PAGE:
And while these encounters with God’s messengers are certainly not as intense as an angel of the Lord appearing to Mary, they are still important.  If the message is from God’s Word, it is no less true than what the Angel Gabriel tells Mary.  God has sent His angels to you.

And this is troubling, isn’t it?  You and I have received many messages from the Lord from many different messengers. Now, Zechariah and Mary and Joseph and the Shepherds receive a message from the Lord and they respond in faith and do what they are told to do.  They have remarkable faith.  How do you and I respond?

You and I receive a message from the Lord through His Word and we want to believe that we can take it or leave it.  We want to believe that God’s Word to us is optional; that God’s commandments are just old fashioned ideas; suggestions for living from a long time ago, in a place far, far away.  We want to believe that God’s Word is not our authority but rather our authority is our feelings.  We hear a message from God and want to ask, “What does that have to do with me?”

God’s Word is God’s word whether it is spoken by the Archangel Gabriel, or by a parent, teacher, or pastor.  Just because a heavenly angel of the Lord hasn’t appeared to you personally, it does not make God’s Word optional for you.

Tonight, as you hear the message of the angels proclaiming Jesus’ birth to the Bethlehem shepherds, know that the message is also for you, “For unto you is born this day in the city of David a Savior, who is Christ the Lord.”

Jesus Christ is your savior.  God took on human flesh and was born of the Virgin in order to take ownership of your sin and pay the price for you.  Jesus has redeemed you from sin, from death, and from the power of the devil. He has given you eternal life with Him in the heavenly city.  This message from God’s Word brings dramatic transformation.  It changes everything.  You are a new creation in Christ.  You are born again of water and the spirit.  The baby born in Bethlehem is your savior.  He is your Lord.  He is your King and you are His servant.

You are not in charge.  No longer can you live just for yourself because you now have Christ’s name and promise on you.  You are called to turn away from sin; to sorrow over your sin, to repent of your sin, and return to the Lord your God.  You are a natural born sinner and it is easy to fall into ongoing, unrepentant sin.  Tonight, you who have grown comfortable in your sin, are called to repent.  This is a radical call for you to no longer live as a citizen of this world, but to live in your new identity as a citizen of the Kingdom of Heaven.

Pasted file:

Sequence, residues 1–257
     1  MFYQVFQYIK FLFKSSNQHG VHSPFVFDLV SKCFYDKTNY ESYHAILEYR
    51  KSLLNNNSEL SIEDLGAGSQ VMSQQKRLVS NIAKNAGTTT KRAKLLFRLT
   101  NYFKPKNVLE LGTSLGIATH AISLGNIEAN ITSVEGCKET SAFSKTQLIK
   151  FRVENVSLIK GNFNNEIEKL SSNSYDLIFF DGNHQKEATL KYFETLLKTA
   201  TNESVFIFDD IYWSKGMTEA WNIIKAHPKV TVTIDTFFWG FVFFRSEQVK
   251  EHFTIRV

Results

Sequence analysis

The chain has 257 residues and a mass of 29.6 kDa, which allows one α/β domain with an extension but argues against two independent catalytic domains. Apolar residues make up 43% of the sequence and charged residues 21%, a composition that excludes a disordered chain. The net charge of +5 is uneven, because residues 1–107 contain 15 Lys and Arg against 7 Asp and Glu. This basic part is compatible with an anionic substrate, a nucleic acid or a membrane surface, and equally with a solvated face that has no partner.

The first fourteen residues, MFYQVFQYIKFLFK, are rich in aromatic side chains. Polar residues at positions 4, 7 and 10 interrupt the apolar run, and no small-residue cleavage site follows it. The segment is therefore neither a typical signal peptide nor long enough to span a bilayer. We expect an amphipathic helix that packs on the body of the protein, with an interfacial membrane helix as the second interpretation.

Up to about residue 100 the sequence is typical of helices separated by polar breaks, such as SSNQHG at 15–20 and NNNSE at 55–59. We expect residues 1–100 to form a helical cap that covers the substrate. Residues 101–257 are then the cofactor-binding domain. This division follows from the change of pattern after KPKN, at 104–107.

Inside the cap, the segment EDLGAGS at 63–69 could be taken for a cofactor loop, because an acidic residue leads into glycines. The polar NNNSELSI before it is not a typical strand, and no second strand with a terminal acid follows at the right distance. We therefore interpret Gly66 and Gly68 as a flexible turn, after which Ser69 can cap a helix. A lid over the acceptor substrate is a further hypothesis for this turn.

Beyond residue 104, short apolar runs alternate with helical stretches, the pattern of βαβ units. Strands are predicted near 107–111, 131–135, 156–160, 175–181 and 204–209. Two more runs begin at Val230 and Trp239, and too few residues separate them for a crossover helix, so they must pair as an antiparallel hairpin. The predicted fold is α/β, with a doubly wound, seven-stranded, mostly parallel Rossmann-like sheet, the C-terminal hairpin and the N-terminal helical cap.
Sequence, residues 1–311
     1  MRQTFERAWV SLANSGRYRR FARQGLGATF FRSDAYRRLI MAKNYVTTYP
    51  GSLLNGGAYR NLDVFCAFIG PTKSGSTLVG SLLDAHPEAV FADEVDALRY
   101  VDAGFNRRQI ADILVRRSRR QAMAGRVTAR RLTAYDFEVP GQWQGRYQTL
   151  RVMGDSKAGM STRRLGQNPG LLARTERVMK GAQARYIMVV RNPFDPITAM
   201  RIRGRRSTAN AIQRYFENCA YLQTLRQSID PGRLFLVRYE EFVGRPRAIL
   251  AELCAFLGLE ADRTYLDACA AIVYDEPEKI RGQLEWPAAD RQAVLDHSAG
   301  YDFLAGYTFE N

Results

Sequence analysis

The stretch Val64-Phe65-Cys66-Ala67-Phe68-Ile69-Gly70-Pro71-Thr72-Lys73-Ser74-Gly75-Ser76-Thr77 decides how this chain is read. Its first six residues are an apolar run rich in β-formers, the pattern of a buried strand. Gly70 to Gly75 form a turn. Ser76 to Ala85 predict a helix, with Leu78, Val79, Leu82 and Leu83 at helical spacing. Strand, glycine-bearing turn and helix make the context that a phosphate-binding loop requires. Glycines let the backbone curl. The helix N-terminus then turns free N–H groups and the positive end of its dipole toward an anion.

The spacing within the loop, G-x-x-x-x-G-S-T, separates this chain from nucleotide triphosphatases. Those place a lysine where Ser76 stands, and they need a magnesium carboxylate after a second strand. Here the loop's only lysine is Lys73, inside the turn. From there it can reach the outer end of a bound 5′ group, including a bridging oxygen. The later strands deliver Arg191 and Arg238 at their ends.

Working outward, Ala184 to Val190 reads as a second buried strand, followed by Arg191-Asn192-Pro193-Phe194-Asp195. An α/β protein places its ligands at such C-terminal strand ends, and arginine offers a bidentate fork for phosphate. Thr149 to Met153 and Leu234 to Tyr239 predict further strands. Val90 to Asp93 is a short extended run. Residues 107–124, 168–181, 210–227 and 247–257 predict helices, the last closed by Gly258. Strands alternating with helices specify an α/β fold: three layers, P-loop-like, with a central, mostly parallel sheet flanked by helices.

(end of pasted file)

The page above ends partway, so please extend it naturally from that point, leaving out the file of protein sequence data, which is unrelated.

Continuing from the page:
You are called by messengers of God to live in love and service to others. You are called to love and care for others as you love and care for yourself.  You are called to love your enemies and pray for those who persecute you. Love is messy.  Love takes a lot of time and energy and patience.  Love often is all giving and no receiving.  It is hard to love and care for others.  That is the kind of love that God has for you in Jesus who has come to earth to forgive you all your sins.  Let the love that God has for you in Christ overflow to those around you.

Jesus comes as the light shining in the darkness.  In Christ you are the light of the world, driving back the darkness with God’s love; pushing back the gloom with the message that through the baby born in Bethlehem God and sinners are reconciled.

You are called to be a sponge for evil.  Instead of returning evil for evil, or anger for anger, you return good for evil, and kindness for anger.  If someone is evil to you; you return love.  That way, instead of increasing the evil in the world, you reduce it, little by little; one interaction after another.

This message from the Lord is such amazing Good News.  The sin which you inherited from Adam and that which you have committed since has been covered.  You have been redeemed.  Tonight is a night for great celebration, “For unto you is born this day in the city of David a Savior, who is Christ the Lord.”

Joy to the world, the Lord is come!  Let earth receive her king.  Amen